Warner gave the previous Two-Disc version of “Unforgiven” a new transfer from its previous release and the HD version improves even on that. As I mentioned in that review, the transfer was highly improved over the initial release. I noticed things in this transfer that I had missed before, the little details in the background, the pores in Gene Hackman’s face – it’s a testament to HD that movies look this good and “Unforgiven” has never looked better. The entire image is much sharper and clearer. The colors are purposely muted, but they appear to have a much warmer hue here. Detail has been vastly improved as well. The film is just ten years old, so it’s good to have a newer film finally look it’s best. Many of the scenic shots of the “Old” West look amazing in the transfer. The picture alone justifies the purchase of this disc.
Audio: How does it sound?
The Dolby Digital 5.1 track is the same that was used in the original DVD release. This doesn’t exactly make it “bad” though. Many of the effects are located to the front stage, thereby making it more of a Dolby Surround mix as opposed to a real strong 5.1 mix. However the surrounds, when used, are used with great effectiveness. Several subtle effects such as wind, birds chirping or rain falling occupy the surrounds and it adds a great deal of depth to the film. Dialogue, as expected, is very natural and free of any distortion one might find in an older film. While the entire track is good, it’s not great but the action on the screen will occupy most people’s attention; the sound just adds to the mystique of the movie…as it should.
Supplements: What are the extras?
We get all of the same supplements that were present on the Two-Disc DVD starting out with the audio commentary. It’s by Time magazine film critic and Eastwood biographer, Richard Shickel. Mr. Shickel is also one of the people who coordinated with the American Film Institute and wrote the American Film Insitute’s 100 Years…100 movies that has been such the talk for the last few years. Mr. Shickel knows his material and his star, the commentary is very insigtful and informative. He does state the obvious a few times, but it’s to be expected. I’d have liked to hear what Mr. Eastwood would have to say about his Oscar Winning effort here, but this is the next best thing.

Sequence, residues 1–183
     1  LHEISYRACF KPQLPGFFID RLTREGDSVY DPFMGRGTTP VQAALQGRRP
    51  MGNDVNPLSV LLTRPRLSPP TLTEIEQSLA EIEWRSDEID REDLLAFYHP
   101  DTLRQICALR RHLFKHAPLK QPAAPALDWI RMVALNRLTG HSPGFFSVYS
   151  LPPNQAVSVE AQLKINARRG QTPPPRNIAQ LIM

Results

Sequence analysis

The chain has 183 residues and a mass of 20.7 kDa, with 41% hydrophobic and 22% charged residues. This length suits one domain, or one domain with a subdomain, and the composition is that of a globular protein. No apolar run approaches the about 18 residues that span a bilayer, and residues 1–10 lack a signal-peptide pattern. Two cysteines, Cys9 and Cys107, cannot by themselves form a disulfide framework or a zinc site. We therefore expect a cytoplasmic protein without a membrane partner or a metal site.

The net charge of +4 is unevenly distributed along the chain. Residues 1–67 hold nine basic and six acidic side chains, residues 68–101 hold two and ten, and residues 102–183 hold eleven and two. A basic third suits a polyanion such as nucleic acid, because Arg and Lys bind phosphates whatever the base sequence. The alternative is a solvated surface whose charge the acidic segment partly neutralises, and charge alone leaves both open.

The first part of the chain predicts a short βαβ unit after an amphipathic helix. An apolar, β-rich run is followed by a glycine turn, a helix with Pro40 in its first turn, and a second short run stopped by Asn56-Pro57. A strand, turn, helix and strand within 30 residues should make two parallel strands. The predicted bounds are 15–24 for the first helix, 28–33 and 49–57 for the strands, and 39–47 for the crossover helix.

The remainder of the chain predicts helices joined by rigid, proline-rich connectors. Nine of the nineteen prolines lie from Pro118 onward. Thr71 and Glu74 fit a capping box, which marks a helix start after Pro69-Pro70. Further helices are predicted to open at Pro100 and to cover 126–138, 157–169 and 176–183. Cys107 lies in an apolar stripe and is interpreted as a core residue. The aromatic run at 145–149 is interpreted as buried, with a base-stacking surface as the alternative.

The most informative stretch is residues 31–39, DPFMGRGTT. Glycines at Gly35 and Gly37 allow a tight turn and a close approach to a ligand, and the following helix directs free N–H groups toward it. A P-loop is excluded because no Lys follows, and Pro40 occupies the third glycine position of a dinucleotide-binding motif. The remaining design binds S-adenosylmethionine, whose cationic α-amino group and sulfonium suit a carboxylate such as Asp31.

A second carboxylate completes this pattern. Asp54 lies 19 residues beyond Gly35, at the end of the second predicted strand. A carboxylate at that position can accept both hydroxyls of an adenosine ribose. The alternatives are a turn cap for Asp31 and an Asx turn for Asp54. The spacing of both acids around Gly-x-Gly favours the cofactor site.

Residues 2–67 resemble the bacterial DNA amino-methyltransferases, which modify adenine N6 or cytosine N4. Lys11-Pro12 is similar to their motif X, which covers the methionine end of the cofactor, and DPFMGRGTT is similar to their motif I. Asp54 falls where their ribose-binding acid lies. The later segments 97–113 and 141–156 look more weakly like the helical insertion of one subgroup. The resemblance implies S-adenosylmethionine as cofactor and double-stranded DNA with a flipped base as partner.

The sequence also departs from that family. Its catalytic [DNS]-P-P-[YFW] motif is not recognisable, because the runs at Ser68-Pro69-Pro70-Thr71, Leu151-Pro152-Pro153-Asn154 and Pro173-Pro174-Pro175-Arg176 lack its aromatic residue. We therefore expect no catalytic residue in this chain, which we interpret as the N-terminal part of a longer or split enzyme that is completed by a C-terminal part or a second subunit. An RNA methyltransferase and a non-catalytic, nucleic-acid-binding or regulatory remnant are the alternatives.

The second disc features three featurettes and a rather lengthy documentary, the first is “All on Accounta Pullin’ a Trigger” which is a new featurette complete with new interviews with the cast. Amazing how much some of them have aged in a short ten year span. This is rather bland in my honest opinion, but it focuses on the writing and some people love that. More of a look back and there’s really no new information presented here. Next up is “Eastwood…A Star” which is a 15 minute recap of Eastwood’s past films, starting from his early days back at Unviersal studios. Speaking of older roles, there is also a full-length episode of “Maverick” in which Eastwood plays virtually a younger role of Willam Munny. An odd inclusion, but interesting none the less. “Eastwood & Co.: The Making of Unforgiven” is a 25 minute featurette that has a lot of footage from the set, home video footage that was shot by Eastwood’s wife. The occasional crack up, mess up and all sorts of other goodies make this a rather funny feature to watch, but yet informative at the same time. Lastly, we have a 105 minute documentary, narrated by John Cusack, entitled “Eastwood on Eastwood” in which he is directly interviewed by Richard Shickel. This recounts his past film roles and doesn’t give all the fluff that is usually associated with something like this. At 105 minutes, it’s nearly as long as the film itself, but it’s worth every minute. A theatrical trailer is also included as are some text-based screens that lists the film’s awards. On the whole, it’s an easy recommendation and if you own the current version, you’ll have to upgrade to v 2.0. Highly recommended.